I signed my kids up for the summer reading program at the library today. K wants to log enough hours for a small stuffed dog. Last summer it was a hula hoop. I don’t remember prizes when I was kid. I do remember coloring 50 segments of a dragon poster, one for each book I read. I finished it easily. Now, reading 50 books (if I don’t count picture books read over and over) in a full year is a feat.
When my girls were infants, I read more than I expected. I was sitting for hours a day feeding a baby, and I could read while I did that. When K was a baby, I reread childhood favorites mostly: Little House on the Prairie, Little Women, A Little Princes, The Secret Garden . . . When E was born, I jumped around reading gardening and food books, memoirs, and mysteries. I read late at night when I should have gone to bed and during nap time and in the pale dark morning light. Then they grew and started to interact and move, and my reading slowed down again.
Still, I keep a stack of books by my chair. Usually at least one has one of E’s watercolor bookmarks in it. I read at night, and if it’s a particularly gripping book, I keep reading in any spare moment I can find. I had just wrapped up Unbroken before vacation, but the beach has not been book friendly to me for years.
Then came last week. My sisters stacked beach chairs and boogie boards in the car, while I made sandwiches and packed up the towels and sunscreen. I don’t know what made me do it, but I tucked a book in my bag, shoving it under a towel as though I didn’t want anyone to see it.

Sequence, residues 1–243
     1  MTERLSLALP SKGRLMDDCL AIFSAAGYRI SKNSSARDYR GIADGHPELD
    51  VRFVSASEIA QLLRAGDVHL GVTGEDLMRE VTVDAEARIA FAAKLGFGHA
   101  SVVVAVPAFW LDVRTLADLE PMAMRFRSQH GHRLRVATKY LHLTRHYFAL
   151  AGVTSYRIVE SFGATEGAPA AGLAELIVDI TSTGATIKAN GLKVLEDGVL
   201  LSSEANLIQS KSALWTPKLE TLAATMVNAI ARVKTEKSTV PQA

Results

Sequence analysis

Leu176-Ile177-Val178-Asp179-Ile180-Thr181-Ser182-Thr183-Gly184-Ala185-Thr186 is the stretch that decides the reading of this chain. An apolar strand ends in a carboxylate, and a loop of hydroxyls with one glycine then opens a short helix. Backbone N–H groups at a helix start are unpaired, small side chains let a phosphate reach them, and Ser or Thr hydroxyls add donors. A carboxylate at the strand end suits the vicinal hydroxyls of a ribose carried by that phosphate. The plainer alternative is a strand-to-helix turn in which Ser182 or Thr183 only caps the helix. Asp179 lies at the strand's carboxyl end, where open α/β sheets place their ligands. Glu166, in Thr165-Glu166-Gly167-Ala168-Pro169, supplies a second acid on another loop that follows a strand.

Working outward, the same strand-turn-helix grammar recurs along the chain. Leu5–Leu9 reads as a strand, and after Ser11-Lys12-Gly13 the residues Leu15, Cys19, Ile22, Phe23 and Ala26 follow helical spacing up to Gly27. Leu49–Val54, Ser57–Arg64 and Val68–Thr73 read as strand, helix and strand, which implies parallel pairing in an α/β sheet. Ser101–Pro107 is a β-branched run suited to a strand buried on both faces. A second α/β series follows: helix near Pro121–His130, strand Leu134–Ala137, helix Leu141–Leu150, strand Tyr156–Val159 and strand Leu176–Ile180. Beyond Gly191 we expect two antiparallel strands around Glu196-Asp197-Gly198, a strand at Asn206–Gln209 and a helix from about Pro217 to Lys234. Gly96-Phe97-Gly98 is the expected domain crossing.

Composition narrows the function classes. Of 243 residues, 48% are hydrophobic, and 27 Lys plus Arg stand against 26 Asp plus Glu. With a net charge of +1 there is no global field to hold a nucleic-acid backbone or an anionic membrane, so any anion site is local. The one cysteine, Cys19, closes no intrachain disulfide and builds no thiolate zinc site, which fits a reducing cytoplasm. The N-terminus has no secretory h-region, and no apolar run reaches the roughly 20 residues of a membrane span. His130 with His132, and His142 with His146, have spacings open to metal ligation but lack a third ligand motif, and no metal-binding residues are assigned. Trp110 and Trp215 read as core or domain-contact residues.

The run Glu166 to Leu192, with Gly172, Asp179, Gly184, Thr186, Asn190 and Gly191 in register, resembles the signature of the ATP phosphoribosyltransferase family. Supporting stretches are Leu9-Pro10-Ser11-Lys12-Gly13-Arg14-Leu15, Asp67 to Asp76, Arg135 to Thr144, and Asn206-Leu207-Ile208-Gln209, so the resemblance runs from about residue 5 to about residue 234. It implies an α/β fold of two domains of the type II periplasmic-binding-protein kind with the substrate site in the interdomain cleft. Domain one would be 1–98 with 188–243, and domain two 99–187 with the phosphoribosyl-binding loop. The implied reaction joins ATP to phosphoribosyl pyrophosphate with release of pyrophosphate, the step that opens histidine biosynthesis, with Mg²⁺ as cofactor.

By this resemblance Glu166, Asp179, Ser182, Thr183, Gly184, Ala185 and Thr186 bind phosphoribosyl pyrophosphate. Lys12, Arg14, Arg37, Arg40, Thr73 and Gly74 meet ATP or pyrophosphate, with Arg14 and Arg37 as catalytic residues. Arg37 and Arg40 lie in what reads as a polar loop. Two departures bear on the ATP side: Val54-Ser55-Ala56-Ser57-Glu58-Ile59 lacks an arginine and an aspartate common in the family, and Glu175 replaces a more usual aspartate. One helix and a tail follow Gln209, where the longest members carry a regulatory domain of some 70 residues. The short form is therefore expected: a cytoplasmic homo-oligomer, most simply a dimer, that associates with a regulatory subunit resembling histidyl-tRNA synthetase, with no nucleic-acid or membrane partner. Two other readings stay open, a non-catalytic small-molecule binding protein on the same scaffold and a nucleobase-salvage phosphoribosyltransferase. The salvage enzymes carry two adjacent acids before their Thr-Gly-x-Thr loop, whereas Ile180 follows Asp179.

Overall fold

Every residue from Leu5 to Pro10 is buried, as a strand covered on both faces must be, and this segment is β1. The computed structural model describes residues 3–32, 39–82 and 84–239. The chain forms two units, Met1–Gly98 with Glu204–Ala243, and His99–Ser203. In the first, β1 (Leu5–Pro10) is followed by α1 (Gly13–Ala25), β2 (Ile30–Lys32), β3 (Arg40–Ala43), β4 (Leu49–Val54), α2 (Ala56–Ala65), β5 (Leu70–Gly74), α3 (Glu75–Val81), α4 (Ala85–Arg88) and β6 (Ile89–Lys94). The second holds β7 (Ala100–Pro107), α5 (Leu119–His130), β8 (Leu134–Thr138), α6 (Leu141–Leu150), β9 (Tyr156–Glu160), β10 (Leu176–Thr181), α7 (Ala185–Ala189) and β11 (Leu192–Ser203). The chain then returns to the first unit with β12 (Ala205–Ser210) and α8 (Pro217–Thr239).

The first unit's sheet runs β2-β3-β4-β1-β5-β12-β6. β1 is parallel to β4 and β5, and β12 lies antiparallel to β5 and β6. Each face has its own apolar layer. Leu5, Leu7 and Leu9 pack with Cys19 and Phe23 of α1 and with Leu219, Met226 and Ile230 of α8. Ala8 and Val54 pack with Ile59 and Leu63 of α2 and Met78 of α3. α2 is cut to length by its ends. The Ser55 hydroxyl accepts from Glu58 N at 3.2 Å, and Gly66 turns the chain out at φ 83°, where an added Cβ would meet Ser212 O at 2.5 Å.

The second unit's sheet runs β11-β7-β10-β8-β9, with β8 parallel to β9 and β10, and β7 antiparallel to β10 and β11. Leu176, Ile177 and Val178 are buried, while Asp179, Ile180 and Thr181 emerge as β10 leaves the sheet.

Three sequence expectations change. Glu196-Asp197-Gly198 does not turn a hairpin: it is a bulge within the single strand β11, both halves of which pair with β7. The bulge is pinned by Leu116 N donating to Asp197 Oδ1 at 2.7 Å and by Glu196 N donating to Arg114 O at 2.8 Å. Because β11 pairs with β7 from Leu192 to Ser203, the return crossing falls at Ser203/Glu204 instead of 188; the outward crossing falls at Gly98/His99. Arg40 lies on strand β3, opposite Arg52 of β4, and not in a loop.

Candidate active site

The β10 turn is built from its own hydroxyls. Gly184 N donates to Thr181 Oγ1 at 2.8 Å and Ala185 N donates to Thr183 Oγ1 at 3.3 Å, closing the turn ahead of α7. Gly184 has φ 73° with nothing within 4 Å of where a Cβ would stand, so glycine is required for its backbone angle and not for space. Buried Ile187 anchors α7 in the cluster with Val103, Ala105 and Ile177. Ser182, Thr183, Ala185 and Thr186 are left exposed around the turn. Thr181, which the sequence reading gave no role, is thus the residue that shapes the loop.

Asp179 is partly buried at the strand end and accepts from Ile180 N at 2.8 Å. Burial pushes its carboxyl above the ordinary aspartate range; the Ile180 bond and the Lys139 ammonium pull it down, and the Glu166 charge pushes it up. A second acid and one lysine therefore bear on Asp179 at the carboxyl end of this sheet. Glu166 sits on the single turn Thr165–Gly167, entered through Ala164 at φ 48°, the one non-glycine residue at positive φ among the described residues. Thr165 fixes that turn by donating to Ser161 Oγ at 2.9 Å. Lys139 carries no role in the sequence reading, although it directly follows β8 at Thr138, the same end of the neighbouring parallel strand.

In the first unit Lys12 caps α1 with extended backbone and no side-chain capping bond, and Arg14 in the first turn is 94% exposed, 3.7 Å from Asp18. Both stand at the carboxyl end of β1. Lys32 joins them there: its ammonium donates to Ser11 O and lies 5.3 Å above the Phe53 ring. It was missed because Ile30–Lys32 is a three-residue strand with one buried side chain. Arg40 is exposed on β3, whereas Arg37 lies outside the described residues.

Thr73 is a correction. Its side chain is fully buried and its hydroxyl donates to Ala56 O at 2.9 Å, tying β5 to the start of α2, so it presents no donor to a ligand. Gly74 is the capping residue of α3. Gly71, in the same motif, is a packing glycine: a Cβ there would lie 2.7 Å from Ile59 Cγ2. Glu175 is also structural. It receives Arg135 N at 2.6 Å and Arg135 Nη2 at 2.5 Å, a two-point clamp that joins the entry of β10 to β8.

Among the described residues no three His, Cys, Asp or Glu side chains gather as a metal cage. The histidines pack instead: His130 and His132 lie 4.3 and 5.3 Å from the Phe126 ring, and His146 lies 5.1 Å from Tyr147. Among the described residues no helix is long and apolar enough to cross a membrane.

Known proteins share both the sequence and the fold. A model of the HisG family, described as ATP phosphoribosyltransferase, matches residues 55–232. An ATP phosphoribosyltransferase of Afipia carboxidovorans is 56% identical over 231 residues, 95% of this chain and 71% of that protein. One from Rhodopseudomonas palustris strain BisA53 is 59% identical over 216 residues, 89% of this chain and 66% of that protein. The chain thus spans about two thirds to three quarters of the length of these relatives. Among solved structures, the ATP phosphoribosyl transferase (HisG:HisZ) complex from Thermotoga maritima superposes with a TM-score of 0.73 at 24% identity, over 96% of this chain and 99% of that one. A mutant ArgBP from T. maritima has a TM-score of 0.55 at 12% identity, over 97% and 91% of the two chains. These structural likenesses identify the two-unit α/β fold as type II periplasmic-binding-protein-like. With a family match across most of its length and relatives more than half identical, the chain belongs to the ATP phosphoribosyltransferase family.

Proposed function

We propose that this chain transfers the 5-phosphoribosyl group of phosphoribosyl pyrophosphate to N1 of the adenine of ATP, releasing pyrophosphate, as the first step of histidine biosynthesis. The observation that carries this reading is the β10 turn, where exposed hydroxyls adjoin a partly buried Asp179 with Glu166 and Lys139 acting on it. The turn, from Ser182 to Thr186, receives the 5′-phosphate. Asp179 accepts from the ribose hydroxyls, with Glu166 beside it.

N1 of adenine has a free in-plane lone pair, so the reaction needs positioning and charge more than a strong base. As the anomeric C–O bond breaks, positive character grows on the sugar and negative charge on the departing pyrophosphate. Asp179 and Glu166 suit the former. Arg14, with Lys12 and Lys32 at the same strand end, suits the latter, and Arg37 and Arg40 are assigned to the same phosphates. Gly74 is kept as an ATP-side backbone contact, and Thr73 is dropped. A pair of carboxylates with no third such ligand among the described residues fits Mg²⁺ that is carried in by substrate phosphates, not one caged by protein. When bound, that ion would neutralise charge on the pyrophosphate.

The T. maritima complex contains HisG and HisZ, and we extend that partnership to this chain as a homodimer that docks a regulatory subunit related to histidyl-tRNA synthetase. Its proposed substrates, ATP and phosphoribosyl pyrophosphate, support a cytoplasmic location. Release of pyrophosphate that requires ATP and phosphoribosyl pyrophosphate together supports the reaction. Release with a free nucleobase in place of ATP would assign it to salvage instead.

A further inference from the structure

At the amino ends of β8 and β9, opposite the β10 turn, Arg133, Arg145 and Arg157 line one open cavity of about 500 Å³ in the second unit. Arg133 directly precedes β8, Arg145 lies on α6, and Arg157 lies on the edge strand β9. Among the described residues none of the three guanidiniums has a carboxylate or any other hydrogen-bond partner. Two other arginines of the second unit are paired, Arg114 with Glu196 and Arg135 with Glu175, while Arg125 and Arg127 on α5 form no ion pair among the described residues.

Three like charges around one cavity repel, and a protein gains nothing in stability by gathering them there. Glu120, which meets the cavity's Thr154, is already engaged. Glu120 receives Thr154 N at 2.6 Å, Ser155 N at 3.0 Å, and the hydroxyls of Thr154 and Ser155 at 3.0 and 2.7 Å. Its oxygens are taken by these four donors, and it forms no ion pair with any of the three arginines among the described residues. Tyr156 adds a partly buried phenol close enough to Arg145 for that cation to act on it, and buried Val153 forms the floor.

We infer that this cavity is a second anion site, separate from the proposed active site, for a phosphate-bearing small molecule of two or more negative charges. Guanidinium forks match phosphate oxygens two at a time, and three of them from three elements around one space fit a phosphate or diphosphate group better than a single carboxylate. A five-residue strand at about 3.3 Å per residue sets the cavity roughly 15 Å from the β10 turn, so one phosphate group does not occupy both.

Last year, I couldn’t imagine ever reading at the beach again. And yet this year, I packed a book—and I read a chapter.
I chose carefully, mind you. Molly Wizenberg’s Delancey has short chapters. It isn’t deep or complicated. You don’t need to follow a complex narrative. It’s interesting but not so gripping you can’t put it down.
I read a chapter of a book at the beach, and it felt like a small miracle. I’m coming out of a time when I couldn’t imagine reading the beach or making dinner while my kids played outside or writing several times a week, all things that I’ve settled into this year.
Looking ahead to this vacation, I was excited to get a dose of the ocean. As I drove, I realized too that I was also looking forward to having help. My kids would run with their cousins instead of telling me they were bored. My sisters would deal with a meltdown while I got dinner on plates or send somebody back to bed while I organized stuff for the beach the next day. We’d all see what needed to be done and step in and do it. So even though I was still figuring out meals and changing the little girl who wet the bed, even though I was packing for the beach and finishing the grocery list, it felt like vacation. I got a little break. I laughed. I was in one of my favorite places with my clan. And I got to read.
What are you reading this summer? (Or what’s in your want to read stack?)